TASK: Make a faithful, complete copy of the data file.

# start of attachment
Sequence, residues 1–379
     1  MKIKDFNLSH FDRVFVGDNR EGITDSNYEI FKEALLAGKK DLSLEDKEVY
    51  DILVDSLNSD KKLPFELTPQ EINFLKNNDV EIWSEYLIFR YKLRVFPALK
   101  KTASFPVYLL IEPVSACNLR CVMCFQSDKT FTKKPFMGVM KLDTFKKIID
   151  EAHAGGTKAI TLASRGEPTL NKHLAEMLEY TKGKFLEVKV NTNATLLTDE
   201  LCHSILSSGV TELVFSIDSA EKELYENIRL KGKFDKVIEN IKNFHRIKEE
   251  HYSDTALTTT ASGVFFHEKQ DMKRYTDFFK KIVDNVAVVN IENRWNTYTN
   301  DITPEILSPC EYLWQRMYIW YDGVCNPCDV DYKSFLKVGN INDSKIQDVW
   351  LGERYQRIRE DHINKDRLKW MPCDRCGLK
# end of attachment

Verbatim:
Sequence, residues 1–379
     1  MKIKDFNLSH FDRVFVGDNR EGITDSNYEI FKEALLAGKK DLSLEDKEVY
    51  DILVDSLNSD KKLPFELTPQ EINFLKNNDV EIWSEYLIFR YKLRVFPALK
   101  KTASFPVYLL IEPVSACNLR CVMCFQSDKT FTKKPFMGVM KLDTFKKIID
   151  EAHAGGTKAI TLASRGEPTL NKHLAEMLEY TKGKFLEVKV NTNATLLTDE
   201  LCHSILSSGV TELVFSIDSA EKELYENIRL KGKFDKVIEN IKNFHRIKEE
   251  HYSDTALTTT ASGVFFHEKQ DMKRYTDFFK KIVDNVAVVN IENRWNTYTN
   301  DITPEILSPC EYLWQRMYIW YDGVCNPCDV DYKSFLKVGN INDSKIQDVW
   351  LGERYQRIRE DHINKDRLKW MPCDRCGLK